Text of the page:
In an expansion of our student privacy advocacy, EFF also honed in on young students—those in daycare. EFF’s investigation found early education and daycare apps have several troubling security risks, and in addition to detailing these flaws, we also urged the Federal Trade Commission to look into the issue. Learn more about our fight to improve daycare app privacy in 2022.

We have big plans for the coming year’s fight to protect student privacy, and look forward to further highlighting the problem of student activity monitoring software, in particular. For now, if you’re interested in learning more about protecting your privacy at school, take a look at our Surveillance Self-Defense guide on privacy for students.

This article is part of our Year in Review series. Read other articles about the fight for digital rights in 2022.

Jason Kelley

Ending the Scourge of Redlining in Broadband Access: 2022 in Review

2 months 4 weeks ago

EFF’s first ask for the incoming Biden Administration on broadband policy was to ban digital redlining by regulating broadband as a public good instead of a private luxury. EFF has extensively researched the state of fiber broadband infrastructure in the United States for years.  We’ve identified a disturbing trend in low-income access: the systemic underinvestment in their networks. Major broadband providers have been segregating internet users into first-class fiber internet and second-class legacy internet, even in areas where it would be profitable to provide equal access.

This trend did not happen overnight, but rather developed over more than a decade. Fixing it will take years. But the opportunity to address this problem now sits before the Federal Communications Commission (FCC), which was tasked by Congress with a new law to to end discrimination in broadband access.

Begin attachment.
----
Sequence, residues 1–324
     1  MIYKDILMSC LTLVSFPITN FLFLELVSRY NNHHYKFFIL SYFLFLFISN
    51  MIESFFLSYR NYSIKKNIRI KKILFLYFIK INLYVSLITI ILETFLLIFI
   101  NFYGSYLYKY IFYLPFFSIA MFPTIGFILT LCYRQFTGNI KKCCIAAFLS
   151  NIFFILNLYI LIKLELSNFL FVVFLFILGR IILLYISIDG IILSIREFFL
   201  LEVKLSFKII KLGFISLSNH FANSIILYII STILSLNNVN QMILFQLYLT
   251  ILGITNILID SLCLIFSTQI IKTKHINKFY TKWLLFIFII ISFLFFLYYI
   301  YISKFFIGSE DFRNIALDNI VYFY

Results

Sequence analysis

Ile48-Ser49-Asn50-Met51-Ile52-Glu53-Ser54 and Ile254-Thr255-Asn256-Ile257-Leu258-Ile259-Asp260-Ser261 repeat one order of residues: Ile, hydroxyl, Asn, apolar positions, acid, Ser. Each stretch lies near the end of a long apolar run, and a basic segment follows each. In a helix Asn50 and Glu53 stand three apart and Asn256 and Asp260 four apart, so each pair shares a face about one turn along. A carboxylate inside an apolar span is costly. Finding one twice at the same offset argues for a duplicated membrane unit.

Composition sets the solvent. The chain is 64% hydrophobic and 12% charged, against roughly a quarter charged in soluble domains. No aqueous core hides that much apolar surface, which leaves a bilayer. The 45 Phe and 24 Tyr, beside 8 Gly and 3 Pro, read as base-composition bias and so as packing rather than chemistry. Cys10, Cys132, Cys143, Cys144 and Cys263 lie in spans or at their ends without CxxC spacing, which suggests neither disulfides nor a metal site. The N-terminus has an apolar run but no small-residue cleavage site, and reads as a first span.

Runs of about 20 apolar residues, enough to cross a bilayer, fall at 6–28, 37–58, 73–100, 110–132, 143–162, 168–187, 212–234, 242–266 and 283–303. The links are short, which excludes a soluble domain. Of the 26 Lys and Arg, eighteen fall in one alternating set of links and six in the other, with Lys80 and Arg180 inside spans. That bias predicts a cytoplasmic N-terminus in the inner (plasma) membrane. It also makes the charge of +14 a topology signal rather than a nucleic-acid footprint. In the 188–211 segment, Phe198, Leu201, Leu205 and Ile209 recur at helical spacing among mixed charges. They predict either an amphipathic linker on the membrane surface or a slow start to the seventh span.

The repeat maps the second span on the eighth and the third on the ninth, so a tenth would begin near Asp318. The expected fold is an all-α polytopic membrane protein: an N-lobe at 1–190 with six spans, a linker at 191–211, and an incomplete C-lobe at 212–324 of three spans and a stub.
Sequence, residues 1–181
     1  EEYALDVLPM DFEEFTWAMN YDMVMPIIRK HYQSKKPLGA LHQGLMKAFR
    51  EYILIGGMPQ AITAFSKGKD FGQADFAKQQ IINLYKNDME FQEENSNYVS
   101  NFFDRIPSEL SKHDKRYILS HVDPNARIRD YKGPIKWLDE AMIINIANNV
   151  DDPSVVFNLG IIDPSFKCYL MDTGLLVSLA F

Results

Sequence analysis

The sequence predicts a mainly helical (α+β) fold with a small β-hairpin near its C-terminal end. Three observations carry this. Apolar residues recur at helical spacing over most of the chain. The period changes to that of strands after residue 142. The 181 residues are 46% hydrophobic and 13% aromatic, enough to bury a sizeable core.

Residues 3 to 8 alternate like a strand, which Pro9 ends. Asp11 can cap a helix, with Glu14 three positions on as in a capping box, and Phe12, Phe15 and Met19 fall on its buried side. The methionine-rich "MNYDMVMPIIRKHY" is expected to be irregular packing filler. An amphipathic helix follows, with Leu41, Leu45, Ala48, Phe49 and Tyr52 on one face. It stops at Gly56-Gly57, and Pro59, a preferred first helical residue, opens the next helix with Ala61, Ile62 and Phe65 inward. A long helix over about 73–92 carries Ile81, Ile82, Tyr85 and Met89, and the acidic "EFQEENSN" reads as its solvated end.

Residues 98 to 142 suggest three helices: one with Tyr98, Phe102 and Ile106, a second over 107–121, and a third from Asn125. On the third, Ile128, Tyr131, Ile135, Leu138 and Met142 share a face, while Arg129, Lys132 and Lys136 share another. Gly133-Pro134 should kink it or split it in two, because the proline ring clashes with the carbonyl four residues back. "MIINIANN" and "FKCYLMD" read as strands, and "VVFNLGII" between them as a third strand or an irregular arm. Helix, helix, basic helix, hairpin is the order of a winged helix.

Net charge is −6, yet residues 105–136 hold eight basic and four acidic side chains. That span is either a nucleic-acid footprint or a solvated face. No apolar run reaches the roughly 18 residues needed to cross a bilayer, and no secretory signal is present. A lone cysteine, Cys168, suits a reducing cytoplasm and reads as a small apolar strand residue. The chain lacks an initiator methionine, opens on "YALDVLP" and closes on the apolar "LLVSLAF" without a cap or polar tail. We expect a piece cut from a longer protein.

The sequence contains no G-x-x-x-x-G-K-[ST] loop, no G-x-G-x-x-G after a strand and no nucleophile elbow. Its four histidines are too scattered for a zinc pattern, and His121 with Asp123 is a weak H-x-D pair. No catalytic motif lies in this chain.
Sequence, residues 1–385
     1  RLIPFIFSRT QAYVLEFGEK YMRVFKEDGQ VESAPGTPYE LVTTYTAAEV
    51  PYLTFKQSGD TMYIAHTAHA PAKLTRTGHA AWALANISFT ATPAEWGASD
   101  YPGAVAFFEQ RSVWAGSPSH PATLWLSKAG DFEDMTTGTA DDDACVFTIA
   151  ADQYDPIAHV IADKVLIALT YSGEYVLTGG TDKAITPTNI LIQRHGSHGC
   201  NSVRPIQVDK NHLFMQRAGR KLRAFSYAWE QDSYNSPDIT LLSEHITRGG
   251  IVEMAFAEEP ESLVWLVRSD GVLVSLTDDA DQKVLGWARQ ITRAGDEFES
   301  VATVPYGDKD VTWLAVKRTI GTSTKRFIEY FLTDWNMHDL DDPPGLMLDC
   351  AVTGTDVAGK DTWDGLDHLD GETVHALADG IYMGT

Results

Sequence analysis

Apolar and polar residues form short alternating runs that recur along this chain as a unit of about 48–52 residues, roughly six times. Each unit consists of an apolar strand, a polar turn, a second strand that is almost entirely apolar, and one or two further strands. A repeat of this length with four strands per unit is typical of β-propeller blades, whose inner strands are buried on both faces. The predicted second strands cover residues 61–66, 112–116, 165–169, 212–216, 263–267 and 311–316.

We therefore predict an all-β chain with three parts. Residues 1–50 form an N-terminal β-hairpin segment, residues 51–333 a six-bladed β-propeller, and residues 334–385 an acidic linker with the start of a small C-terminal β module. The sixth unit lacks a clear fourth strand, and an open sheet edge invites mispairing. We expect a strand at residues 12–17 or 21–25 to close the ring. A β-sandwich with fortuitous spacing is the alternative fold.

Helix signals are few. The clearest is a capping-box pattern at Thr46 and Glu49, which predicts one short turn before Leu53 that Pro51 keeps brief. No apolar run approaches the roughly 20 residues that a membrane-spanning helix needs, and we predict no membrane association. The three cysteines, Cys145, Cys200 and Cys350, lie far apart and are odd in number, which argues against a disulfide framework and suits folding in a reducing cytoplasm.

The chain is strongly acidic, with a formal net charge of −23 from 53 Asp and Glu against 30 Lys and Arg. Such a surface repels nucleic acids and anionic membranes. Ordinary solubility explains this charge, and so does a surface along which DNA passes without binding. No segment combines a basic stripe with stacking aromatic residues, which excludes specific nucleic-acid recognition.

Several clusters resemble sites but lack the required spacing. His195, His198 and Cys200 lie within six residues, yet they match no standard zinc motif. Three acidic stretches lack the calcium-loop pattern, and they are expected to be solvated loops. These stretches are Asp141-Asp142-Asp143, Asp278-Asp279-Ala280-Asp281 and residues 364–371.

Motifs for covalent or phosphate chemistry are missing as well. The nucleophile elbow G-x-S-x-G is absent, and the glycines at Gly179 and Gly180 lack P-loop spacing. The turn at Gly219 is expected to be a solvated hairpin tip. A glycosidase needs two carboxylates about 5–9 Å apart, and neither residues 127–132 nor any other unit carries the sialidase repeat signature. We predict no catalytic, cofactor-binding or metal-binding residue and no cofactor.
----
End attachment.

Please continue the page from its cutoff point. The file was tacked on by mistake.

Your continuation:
A New Federal Law Bans Discrimination in Broadband Infrastructure

Enormous government efforts to end the digital divide have begun. These include EFF’s supported infrastructure law in California. Congress also passed the Infrastructure Investment and Jobs Act that includes a  national broadband infrastructure plan. One key provision that made it through Congress, despite last ditch efforts by big Internet Service Providers (ISPs) to remove it, was a ban on discrimination in broadband deployment. This is otherwise known as the digital discrimination rule. If implemented fully, it will transform broadband into a utility akin to water and electricity by prohibiting profiting from discrimination.

At the start of the pandemic, EFF predicted that legacy networks that lack fiber infrastructure would suffer from the increased usage, driven by remote uses such as education. Legacy networks have a physical limit on how much traffic they can handle and are more expensive to maintain. Ask any school district in areas the federal government considers “fully served” (an exceedingly low bar to hit) and they will share countless stories of low-income families with inferior access unable to obtain remote education.